Google’s new “nutritional information” now available for over 1,000 fruits, vegetables, meats and meals in search results, to quickly and easily find extensive nutrition information.
The information, which builds on the Knowledge Graph, lets you ask question from the basics of potatoes and carrots to more complex dishes like burritos and chow mein, and get your answer right away.
“You’ll hear the answer to your specific question, see relevant nutrition information under an expansion, and be able to switch to other related foods or serving sizes. For example, when you ask for “summer squash carbs”, we include “zucchini” as a relevant food in the dropdown, because it is a type of summer squash,” informs Google.
This feature begin rolling out to English users staring in the US today, and over the next ten days available to all.
Google notes, that over time it’ll be adding more features, foods, and languages.
Google Play Music All Access, launched at the I/O conference, is coming to iOS devices. Sundar Pichai, Google’s SVP of Android, Chrome, and Apps, at the D11 Conference, said it will launch on Apple’s operating system in “a few weeks.”
“In Google’s fundamental DNA, we want [our services] to be universally accessible… For us, users on iOS who want to use Google services, we want them to be Google users,” Pichai noted. Indeed, he argues that Google’s approach to its service is different from that of its competitors.
Talking about Samsung and Android, he noted that “it’s not just the operating system, but the services you deliver on top of it. The thing that makes Android successful, it’s the Google cloud services that are on top of that. We want to reach as many people as possible. For platforms which don’t have that many users at scale — for YouTube, as an example, we have HTML5.”
Update 06/05: Google Knowledge Graph added another cool new features “populations” to help users find out how many people live in a country or a city.
Say, for example, on your mobile device, you can now ask Google, “What’s the population of Portland?” In addition to providing you with an answer to your immediate question, Google also shows you the answers to potential follow-up questions people often ask.
And, on the card, you’ll see the current populations of Seattle and San Francisco charted against Portland on an interactive graph that allows you to see each city’s population change over time.
And, to use Google Currency Conversion just use the following quick tips on search results page:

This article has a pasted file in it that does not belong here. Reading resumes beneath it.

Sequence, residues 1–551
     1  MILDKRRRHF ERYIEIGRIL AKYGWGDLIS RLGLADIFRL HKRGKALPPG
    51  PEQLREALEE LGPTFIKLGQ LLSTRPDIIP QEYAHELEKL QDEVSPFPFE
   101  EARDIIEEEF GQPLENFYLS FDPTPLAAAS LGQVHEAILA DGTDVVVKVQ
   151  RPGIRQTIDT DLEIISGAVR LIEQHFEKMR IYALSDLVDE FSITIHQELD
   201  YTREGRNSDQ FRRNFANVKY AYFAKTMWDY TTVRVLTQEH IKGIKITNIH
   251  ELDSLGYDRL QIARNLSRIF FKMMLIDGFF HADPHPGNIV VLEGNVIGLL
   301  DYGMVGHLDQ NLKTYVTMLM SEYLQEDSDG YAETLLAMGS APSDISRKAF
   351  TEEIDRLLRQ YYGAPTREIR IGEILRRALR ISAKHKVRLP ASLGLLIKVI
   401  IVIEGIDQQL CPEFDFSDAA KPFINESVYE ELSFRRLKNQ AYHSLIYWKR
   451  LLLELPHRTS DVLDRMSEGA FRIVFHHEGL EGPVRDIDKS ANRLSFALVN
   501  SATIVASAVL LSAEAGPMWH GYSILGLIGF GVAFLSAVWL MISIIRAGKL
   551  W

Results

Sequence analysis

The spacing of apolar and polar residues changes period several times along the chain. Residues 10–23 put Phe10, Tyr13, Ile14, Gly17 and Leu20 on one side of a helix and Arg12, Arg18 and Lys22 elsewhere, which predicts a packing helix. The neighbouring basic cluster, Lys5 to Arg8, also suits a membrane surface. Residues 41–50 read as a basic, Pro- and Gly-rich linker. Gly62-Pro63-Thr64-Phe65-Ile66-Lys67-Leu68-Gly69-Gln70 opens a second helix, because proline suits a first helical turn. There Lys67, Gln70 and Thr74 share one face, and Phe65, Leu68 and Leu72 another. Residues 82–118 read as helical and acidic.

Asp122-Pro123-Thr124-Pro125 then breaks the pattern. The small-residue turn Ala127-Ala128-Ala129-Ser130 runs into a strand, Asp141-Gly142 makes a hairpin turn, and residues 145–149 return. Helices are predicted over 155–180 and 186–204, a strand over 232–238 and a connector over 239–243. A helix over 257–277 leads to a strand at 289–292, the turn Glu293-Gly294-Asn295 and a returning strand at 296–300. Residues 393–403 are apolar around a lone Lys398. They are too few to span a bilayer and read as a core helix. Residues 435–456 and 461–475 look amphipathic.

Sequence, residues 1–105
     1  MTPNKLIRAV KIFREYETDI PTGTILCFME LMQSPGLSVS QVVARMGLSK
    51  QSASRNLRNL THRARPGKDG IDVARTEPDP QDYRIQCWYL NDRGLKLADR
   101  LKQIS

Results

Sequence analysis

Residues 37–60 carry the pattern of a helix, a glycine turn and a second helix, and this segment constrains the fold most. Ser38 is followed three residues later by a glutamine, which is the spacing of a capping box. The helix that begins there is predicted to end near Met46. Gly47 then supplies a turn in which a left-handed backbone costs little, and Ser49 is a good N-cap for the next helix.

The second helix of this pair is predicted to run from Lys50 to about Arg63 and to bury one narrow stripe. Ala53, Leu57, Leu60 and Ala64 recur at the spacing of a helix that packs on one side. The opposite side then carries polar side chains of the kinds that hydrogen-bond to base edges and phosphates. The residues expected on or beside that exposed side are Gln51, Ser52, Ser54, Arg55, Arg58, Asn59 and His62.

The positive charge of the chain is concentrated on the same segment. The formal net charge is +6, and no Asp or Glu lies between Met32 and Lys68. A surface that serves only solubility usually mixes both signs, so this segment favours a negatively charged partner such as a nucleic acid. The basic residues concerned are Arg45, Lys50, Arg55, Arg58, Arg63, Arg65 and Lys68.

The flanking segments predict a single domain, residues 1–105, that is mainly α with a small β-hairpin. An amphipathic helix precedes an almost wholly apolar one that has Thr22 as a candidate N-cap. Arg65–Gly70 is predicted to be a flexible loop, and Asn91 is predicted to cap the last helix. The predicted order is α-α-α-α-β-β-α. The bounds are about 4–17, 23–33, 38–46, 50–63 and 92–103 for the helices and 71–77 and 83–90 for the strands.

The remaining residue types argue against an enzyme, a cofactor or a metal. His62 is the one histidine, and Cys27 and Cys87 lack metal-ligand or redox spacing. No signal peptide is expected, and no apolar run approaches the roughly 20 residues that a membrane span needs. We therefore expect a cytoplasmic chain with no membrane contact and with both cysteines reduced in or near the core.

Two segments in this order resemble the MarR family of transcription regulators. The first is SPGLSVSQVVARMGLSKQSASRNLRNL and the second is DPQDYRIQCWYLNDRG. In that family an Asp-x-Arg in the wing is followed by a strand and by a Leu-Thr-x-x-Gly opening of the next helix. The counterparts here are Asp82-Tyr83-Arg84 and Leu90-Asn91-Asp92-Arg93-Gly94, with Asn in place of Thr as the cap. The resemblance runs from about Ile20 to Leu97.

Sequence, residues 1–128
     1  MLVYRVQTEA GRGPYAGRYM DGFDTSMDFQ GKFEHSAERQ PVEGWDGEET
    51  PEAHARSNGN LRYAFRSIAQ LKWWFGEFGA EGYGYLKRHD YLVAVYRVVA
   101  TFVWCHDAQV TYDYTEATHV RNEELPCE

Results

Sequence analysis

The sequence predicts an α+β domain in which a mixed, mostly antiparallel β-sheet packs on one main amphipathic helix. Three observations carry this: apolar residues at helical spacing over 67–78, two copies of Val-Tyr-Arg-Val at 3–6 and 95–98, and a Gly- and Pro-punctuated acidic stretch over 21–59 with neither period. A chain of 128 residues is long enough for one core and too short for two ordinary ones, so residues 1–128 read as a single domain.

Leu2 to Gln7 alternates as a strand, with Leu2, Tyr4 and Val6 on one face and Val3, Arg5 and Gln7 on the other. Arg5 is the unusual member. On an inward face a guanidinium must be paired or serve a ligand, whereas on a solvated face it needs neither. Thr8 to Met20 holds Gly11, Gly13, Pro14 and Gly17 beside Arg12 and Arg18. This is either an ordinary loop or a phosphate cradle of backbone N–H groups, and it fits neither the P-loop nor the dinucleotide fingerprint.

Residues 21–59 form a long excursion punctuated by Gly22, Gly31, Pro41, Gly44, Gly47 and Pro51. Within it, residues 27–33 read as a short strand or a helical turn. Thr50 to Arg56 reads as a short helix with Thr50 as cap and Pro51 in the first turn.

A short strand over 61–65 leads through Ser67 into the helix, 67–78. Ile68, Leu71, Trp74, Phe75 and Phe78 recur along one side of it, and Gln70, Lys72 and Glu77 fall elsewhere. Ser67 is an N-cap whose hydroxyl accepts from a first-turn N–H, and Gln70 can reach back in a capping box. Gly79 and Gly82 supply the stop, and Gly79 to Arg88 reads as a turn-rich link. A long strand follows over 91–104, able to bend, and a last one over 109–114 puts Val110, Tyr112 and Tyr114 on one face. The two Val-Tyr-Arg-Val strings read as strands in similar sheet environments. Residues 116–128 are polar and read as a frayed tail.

To quickly convert almost any currency to your country’s currency is to search for the currency code, followed by “=”. For example [gbp=] for British. You can also search for [100 gbp], so “=” is no longer necessary when you add a number.
to convert US dollars to euros, search for example [$100], [100$] or [100 usd] to convert 100 US dollars to euros.
to convert a currency to any other currency, type the two currency codes. For example, to convert British pounds to euros, type [gbpeur], [gbp eur] or [gbp to eur] or [100 gbpeur], [100 gbp eur] or [100 gbp to eur].
convert multiple amounts in different currencies to your country’s currency, type for example [50 gbp + 100 czk + 200 sek]. To convert them to another currency, use a query like [50 gbp + 100 czk + 200 sek = eur].
or, perform any conversion using a single query:
[sweden to euro] [50 sweden = euro] [sweden to dollar] [100 sweden = $] [swedish to japanese currency] [sweden to japan currency] [swedish to indian money] [sweden to india money]
use multiple currencies when performing simple arithmetical calculations, for example, search for [50 uk currency + 100 czech money + 200 dollars=euro].
to quickly swap the two currencies–say, you want to change yuan to yen in this example, [1 yen to yuan]– click the “Japanese yen” drop-down and select “Chinese yuan” from the list.
shortest query that shows Google’s currency calculator is [$], but you can also search for [currency], [currency converter], [currency calculator].
You can also use currency names instead of codes and country names. For example, search for [lira to real], [1000 forint to pound], [500 yuan to canadian dollar], [500 peso to ringgit]. By default, peso=Mexican peso, crown=Czech koruna, dollar=US dollar, pound=British pound sterling.
To get a precise result, use a simple trick that forces Google to use the old interface: divide by 1 and search for [1 algerian dinar in eur/1]. The new result: 1 Algerian dinar = 0.00964425063 Euros.